For this installment of Artillery, we will add collision detection and an image indicating where the projectile impacted. Collision detection is simply measuring where our projectile lands and determining if some other object, like the ground or a mountain, also occupies that space.
The first step in determining if we have a collision is to determine if the projectile is in range of our mountain. Remember when we created the code for the mountain we created a variable called mountainStartX that we used to determine the starting point of mountain. Because this variable is changed during the drawing process we will create a new variable named mountainStartConstant to keep the starting value of the mountain.
This is important because we need this information to determine when our projectile enters the range of the mountain height array. We determine this using the following formula:
((xn – mountainStartConstant) / mountainSectionWidth)
Where xn is the horizontal position of the projectile, mountainStartConstant is the starting point of the mountain, and mountainSectionWidth determines how many sections of the mountain there are. We define the answer of this formula to be a variable named currentIndex. It looks like this.
Next, we need to check that currentIndex is greater than -1 and less than the length of myMountainHeights. If currentIndex falls between these numbers we need to determine if our vertical position is lower than the height of the mountain section defined in myMountainHeights. To do this, we use the following formula:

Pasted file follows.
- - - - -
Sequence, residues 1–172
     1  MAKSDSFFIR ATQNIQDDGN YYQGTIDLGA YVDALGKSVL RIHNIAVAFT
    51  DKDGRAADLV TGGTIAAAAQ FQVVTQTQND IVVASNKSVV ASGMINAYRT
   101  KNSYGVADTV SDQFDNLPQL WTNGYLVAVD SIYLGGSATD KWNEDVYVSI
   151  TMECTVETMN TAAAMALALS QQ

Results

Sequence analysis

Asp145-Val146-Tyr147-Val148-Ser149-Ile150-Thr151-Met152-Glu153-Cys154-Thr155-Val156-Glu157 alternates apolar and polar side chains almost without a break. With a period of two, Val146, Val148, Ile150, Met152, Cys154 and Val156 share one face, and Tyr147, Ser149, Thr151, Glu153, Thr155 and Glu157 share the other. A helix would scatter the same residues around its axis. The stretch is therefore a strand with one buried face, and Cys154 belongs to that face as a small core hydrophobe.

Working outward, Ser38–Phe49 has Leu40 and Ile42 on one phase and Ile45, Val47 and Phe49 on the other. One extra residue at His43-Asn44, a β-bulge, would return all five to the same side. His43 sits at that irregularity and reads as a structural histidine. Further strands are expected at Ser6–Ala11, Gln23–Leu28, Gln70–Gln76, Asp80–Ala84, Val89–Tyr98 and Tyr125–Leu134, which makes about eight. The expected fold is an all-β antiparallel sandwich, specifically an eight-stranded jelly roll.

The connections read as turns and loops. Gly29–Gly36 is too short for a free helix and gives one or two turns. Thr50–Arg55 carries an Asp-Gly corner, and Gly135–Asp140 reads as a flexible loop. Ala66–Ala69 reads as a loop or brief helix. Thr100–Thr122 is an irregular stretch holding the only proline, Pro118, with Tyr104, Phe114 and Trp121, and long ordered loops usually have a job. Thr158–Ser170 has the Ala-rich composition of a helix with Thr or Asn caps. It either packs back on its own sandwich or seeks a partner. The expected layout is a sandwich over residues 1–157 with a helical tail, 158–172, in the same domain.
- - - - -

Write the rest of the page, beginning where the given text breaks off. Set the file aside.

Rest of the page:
groundY + myMountainHeights[currentIndex] < yn
Remember from Learn to Program Artillery! II that we recorded a negative value that would render the section according the startY – the height (0 being the top of the screen). So if yn is greater than the value returned + groundY, then we know the projectile is inside the mountain so we should draw an impact image and the function should return true. If the yn is less than groundY + the returned value then the function should return false. The function should look like this:
So what does all this do? It lets us determine when a projectile is intersecting the mountain. By determining that the y value of the projectile is lower than then y value of the mountain, we have determined that the path of our projectile intersects the mountain. This is illustrated by the blue path.Next we will create the function to draw the impact. I created a function for this because it is used in 2 places in the code – once in the preceding function and again in animateBox where we determined if the projectile hit the ground in the first article of this series.
First we need to add an image tag to the HTML to hold our impact crater image.
Then we create drawImpact which is a very simple function. We pass it the x and y coordinates and use those coordinates to draw an image named impactHole that we will add to the html.
You can find a reference for context.drawImage here that explains all the parameters in detail but for our purposes we used the following.:
Img references the image in the HTML
Since the image is 30, xn-15 offsets the image so it is roughly centered where the projectile would impact
yn-15 offsets the vertical axis in the same way
The last 2 parameters of context.drawImage determine the height and the width of the image drawn on the canvas.
Thanks for taking the time to read this tutorial. If you have any questions please leave a comment below. As always you can view the complete source code here or view the page here. I’d also like to hear if you have any suggestions for improvement. In the next installment we will render a canon and a target, and randomize the positions of these objects as well as the slope of the mountain.
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